A fair number of engineers working on artificial intelligence don’t care whether their systems resemble real brains or not, as long as they perform well. But even today’s best systems can generalize only if fed thousands of samples, and they can’t transfer their generalizations to new contexts. This leaves AI vulnerable to attackers, who can trick it with tiny tweaks to the data. Neuroscientist Andreas Tolias believes that brain-like features could fix these problems.
Neuroscience in the News 2016 - 2017
- Sept. 27, 2017: Dr. Matthew Rasband receives the United States - Israel Binational Science Foundation Neufeld Memorial Research Award
Dr. Rasband's United States - Israel Binational Science Foundation-funded research involves a complex study of nodes of Ranvier, also known as myelin-sheath gaps. Myelin is an insulating membrane sheath produced by specialized glial cells in the central nervous system (which includes nerves in the brain and spinal cord) and the peripheral nervous system (nerves throughout the rest of the body.) Myelin enables fast and efficient nerve conduction that is essential for proper body function, and in some cases, even survival. Destruction of myelin leads to several neurological diseases, such as multiple sclerosis, and is also associated with psychiatric and neurodegenerative disorders.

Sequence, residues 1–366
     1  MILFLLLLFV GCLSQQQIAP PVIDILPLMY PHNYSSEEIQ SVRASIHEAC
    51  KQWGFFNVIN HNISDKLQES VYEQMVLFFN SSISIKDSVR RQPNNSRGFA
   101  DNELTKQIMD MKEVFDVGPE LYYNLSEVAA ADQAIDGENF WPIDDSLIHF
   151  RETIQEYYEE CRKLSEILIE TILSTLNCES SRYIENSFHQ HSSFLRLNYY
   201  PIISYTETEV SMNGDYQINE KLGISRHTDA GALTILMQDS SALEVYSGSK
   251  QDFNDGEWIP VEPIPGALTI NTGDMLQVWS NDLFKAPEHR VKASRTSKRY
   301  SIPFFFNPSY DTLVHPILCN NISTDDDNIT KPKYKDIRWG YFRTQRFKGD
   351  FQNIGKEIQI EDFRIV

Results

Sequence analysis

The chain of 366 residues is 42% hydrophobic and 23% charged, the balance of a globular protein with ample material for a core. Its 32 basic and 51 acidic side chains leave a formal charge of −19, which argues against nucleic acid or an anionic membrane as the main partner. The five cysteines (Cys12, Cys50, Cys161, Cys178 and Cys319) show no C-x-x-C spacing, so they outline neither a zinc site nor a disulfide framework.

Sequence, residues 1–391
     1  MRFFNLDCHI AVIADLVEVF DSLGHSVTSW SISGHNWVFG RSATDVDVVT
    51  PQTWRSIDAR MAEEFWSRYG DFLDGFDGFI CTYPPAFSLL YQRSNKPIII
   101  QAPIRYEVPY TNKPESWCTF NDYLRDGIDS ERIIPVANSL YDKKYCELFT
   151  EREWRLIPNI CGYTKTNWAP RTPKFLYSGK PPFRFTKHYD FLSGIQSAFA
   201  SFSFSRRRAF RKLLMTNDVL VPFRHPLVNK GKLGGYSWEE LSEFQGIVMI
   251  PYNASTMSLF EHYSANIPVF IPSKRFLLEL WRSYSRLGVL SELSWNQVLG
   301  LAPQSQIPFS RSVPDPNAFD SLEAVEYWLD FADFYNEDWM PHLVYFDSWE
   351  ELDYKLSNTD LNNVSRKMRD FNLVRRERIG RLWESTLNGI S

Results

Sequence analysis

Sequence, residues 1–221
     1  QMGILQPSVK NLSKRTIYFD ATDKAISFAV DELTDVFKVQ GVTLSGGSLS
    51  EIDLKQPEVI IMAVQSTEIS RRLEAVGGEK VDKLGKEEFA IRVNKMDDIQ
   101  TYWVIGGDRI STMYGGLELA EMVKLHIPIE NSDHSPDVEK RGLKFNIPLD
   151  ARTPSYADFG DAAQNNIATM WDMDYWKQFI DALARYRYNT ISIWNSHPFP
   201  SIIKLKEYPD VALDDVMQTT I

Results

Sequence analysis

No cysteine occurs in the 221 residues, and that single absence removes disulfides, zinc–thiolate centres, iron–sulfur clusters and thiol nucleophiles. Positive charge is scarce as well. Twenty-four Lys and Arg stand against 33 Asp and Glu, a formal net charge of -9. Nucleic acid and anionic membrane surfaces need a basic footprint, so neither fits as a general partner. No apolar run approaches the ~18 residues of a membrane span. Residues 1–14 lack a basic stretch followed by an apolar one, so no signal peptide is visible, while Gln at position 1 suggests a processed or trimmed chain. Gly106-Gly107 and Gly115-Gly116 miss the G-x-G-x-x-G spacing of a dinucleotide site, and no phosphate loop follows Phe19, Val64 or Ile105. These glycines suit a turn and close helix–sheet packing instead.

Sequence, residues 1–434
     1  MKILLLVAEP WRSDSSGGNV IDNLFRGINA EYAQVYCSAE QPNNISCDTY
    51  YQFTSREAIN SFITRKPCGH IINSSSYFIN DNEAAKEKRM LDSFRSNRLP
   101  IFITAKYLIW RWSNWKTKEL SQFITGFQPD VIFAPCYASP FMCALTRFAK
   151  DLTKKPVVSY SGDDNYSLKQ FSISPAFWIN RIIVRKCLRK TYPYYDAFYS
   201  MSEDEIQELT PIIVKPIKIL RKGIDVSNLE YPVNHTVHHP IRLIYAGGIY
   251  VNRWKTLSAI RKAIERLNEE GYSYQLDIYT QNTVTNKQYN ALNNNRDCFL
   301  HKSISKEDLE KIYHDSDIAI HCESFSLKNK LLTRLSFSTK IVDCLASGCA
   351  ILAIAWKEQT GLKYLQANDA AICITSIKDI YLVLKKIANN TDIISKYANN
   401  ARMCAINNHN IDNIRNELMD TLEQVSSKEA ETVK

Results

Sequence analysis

- Sept. 11, 2017: DNA looping may lead to opportunities to treat brain tumors
A recent paper from Dr. Deneen's lab in the journal Nature Neuroscience describes the mechanism by which normal brain cells regulate the expression of the NFIA gene, which is important for both normal brain development and brain tumor growth.
- March 20, 2017: Neurons deep in brain more active than once thought